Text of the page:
24 Oct 2016, 27 mins ago

Three Afghan nationals who worked as interpreters for British forces serving in Afghanistan have issued a high court claim for judicial review against the Secretary of State. The legal action forms part of a dispute over whether such interpreters should have the opportunity to settle in the UK.

The immigration issues of non-British citizens who have served with or alongside Her Majesty’s Forces have caused controversy in the past. In 2008 a campaign to allow a greater number of Ghurka veterans to settle in the UK received widespread media coverage, celebrity support, and the backing of a petition with 250,000 signatories. After much political wrangling the campaign’s aims were reflected in the Immigration Rules and a large group of Ghurka veterans are now eligible to reside in the UK. In 2007 David Miliband launched the Locally Employed Staff Assistance programme offering certain local staff who had worked with forces in Iraq either a financial package or the possibility of resettling in the UK. The programme received criticism from some who claimed that the government was trying to gain political capital from a policy that unfairly restricted those entitled to benefits. The terms of the policy have already been the subject of litigation in the UK courts.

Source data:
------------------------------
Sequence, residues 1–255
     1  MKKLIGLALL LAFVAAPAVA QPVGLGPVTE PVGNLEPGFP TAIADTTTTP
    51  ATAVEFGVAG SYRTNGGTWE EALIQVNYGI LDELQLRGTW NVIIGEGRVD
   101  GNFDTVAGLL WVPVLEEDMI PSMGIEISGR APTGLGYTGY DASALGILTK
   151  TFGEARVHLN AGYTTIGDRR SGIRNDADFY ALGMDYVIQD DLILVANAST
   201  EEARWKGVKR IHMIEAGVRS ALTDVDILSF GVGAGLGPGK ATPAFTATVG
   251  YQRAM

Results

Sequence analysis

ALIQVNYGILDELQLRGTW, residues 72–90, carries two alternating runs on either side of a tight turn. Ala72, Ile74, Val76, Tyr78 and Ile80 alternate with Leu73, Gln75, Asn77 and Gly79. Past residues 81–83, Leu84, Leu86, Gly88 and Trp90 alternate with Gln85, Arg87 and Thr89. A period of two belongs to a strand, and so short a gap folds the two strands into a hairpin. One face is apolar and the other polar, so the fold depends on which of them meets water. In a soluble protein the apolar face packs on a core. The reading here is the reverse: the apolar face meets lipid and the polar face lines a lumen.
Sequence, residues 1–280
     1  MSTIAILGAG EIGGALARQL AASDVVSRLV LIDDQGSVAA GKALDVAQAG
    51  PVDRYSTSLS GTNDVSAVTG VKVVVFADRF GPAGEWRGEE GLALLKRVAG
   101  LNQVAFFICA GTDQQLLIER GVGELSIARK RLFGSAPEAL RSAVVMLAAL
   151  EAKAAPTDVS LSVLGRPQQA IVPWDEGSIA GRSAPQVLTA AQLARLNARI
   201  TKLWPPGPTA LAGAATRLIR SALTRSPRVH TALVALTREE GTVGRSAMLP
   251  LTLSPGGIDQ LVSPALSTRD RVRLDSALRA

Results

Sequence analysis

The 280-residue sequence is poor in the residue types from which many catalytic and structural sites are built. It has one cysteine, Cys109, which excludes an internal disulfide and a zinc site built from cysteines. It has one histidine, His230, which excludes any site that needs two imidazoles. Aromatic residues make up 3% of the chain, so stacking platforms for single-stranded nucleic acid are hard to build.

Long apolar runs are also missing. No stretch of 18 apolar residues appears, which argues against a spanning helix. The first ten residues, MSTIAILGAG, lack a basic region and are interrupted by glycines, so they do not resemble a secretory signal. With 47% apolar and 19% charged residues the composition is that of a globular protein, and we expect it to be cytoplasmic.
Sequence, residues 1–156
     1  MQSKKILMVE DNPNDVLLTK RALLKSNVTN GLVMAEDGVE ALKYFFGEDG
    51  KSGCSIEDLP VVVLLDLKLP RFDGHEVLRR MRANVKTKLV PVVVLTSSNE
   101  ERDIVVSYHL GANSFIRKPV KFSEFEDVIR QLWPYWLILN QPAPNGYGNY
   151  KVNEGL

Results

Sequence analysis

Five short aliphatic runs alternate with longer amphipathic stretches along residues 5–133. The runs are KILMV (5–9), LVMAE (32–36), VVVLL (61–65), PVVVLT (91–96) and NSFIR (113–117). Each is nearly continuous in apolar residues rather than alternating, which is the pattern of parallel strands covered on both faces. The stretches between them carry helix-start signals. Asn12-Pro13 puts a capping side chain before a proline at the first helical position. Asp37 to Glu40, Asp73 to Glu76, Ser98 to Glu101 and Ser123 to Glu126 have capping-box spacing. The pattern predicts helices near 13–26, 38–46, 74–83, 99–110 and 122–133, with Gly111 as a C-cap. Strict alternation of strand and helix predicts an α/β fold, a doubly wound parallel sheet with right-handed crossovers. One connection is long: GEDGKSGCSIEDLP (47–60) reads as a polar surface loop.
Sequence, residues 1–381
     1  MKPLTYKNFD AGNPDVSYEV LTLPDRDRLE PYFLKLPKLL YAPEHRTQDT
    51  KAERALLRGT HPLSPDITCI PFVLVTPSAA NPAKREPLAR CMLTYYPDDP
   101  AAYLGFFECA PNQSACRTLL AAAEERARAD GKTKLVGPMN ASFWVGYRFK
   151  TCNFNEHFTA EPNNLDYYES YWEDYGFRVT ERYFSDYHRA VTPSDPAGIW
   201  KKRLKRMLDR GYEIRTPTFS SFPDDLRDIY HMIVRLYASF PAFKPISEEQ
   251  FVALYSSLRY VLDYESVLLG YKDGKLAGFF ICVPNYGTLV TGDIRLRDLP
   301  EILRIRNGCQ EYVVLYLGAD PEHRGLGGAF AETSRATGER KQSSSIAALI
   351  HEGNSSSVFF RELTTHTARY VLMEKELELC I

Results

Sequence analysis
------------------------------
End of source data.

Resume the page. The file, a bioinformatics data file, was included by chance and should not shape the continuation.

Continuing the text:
Despite its apparent shortfalls, it is the Iraqi policy which forms the basis of the present litigation. At present Afghan interpreters have no opportunity to settle on an exceptional basis and can only remain in the UK under the Immigration Rules or seek asylum here. The interpreters are arguing that they should be offered the same benefits as their Iraqi counterparts. The legal action will run alongside a political campaign backed by a petition with 77,000 signatories and supported by senior Liberal Democrats including the Deputy Prime Minister, as well as British servicemen who have served in the Afghan conflict.

If the judicial review is successful or if the political campaign continues to gain momentum it is likely to cause problems for a government faced with meeting commitments to both reduce immigration and manage the UK’s legacy in Afghanistan.